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SportsColumnistsGreg Logan

Adreian Payne's biggest fan: She's 8 and battling cancer

Michigan State forward Adreian Payne cuts the net

Michigan State forward Adreian Payne cuts the net with Lacey Holsworth after Michigan State defeated Michigan 69-55 in the championship of the Big Ten Conference tournament on Sunday, March 16, 2014. Credit: AP / Michael Conroy

Connecticut may be the "home team" for the NCAA East Regional final against Michigan State this afternoon, buoyed by thousands of Huskies fans making the short commute to Madison Square Garden. But rest assured the Spartans and especially center Adreian Payne will be uplifted by their own special source of inspiration.

Lacey Holsworth, the beautiful 8-year-old cancer patient who developed an improbable friendship with the 6-10 basketball star, made it to New York with her parents to witness Payne's clutch plays in Friday night's win over Virginia that put Michigan State in the Elite Eight, and she will be at the Garden on Sunday hoping to cheer him on to the Final Four.

"I was talking to her right now," Payne said as his interview began. "They're out here in New York. They were at the game last night. It's just been great. When I get some spare time, maybe they'll come over to the hotel and I'll get to see them."

College athletics is full of stories about "family," but sometimes they surprise with unexpected twists that renew your faith in humanity. Something about Lacey's battle with a rare form of cancer called neuroblastoma touched Payne's soul when he first met her during a hospital visit two years ago.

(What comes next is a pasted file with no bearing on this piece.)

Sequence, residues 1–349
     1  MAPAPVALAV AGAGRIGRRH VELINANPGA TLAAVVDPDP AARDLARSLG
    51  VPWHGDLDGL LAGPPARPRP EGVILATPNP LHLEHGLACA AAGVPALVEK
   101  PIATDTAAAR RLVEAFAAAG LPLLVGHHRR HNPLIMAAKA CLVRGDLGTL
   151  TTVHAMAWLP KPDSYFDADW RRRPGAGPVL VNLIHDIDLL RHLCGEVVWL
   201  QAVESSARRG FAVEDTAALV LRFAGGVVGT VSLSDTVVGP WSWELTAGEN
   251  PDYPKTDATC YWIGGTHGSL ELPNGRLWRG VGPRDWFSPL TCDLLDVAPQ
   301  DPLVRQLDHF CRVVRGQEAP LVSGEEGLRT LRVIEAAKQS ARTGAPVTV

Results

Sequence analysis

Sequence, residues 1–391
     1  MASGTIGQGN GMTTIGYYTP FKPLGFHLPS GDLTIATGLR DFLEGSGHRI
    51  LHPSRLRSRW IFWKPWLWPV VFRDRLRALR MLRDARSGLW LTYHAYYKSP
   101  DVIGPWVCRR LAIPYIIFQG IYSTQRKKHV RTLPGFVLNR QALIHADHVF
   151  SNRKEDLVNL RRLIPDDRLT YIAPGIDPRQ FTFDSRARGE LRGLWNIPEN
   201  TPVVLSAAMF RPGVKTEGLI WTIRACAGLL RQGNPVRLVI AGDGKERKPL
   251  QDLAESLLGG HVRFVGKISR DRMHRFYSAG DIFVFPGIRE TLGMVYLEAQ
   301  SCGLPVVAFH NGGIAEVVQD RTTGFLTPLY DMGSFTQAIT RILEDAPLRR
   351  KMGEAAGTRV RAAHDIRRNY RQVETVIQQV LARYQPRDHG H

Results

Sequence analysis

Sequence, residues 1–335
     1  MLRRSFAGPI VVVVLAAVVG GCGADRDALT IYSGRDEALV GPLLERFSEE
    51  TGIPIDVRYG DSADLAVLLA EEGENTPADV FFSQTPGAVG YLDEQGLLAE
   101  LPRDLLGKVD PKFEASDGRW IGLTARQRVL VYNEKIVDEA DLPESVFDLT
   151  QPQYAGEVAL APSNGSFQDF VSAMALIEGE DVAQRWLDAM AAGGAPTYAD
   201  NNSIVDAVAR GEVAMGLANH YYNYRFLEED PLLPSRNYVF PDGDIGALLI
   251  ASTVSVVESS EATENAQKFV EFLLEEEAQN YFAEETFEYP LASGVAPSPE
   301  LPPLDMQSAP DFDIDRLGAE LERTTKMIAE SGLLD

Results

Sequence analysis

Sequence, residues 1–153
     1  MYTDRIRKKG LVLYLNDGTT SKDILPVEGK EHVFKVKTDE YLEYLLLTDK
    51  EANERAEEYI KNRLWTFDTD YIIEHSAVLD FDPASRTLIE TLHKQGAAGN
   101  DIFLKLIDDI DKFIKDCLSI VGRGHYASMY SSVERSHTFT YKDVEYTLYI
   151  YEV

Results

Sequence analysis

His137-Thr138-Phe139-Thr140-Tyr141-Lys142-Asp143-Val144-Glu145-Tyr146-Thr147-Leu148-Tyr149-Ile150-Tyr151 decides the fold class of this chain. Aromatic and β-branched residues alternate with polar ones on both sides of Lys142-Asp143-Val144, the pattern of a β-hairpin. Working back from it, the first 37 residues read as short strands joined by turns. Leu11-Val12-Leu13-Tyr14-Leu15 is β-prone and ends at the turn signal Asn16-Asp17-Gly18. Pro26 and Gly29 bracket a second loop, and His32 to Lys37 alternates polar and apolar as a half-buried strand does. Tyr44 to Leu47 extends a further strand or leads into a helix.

At the time, a tumor in her abdomen had wrapped around Lacey's spine, paralyzing her. "I just really felt like I could help, especially with her parents," Payne said. "There wasn't too much I could do with her at that point because she was so sick. But my presence was enough. She really liked me being there.

"Her parents were going through so much. I just told them, if they wanted me to be there, they could call or text me. It grew from there. Lacey would text me and I would text her back. Just send little messages saying 'be strong.' It turned into more conversation. She said she enjoyed watching the games."

Perhaps Payne's compassion for Lacey and her family stems from his own loss. He was 13 when his mother died of an asthma attack, and his grandmother died when he was in college.

"That may have something to do with it," Payne said. "I'm always willing to help, and I always want to see kids do well. The story behind Lacey is that she was a dancer. It was taken from her by cancer. She wasn't able to walk or dance anymore. If basketball was taken away from me, how would I feel? I just wanted to help her get back strong so she can dance and smile and do something she loves."

Aggressive chemotherapy enabled Lacey to walk again. But last November, the cancer returned, affecting her jaw and neck. She's battling every day, and Payne has been there for her to the point that he's virtually a member of the Holsworth family.

That's a serious responsibility, but Payne welcomed it. She presented him roses on senior night, and when Michigan State won the Big Ten Tournament, Payne carried Lacey, wearing her platinum blonde wig, up the ladder to help cut down the net.

"She helps me in a lot of ways," Payne said. "Just being able to spend time with her and take my mind off basketball. My family is four hours away from Michigan, so having somebody I can talk to and spend time with or just color and do little things like that is great."

Payne and guard Keith Appling are the only four-year players who never have reached a Final Four under MSU coach Tom Izzo, and Payne said that pressure weighs heavily. "I pray about it every night," Payne said. "It's always on my mind. For me to have a chance and be this close, it's exciting."

You never know if the ball will bounce your way in life, which is why it's so important that Payne and Lacey can share their hopes Sunday at the Garden.

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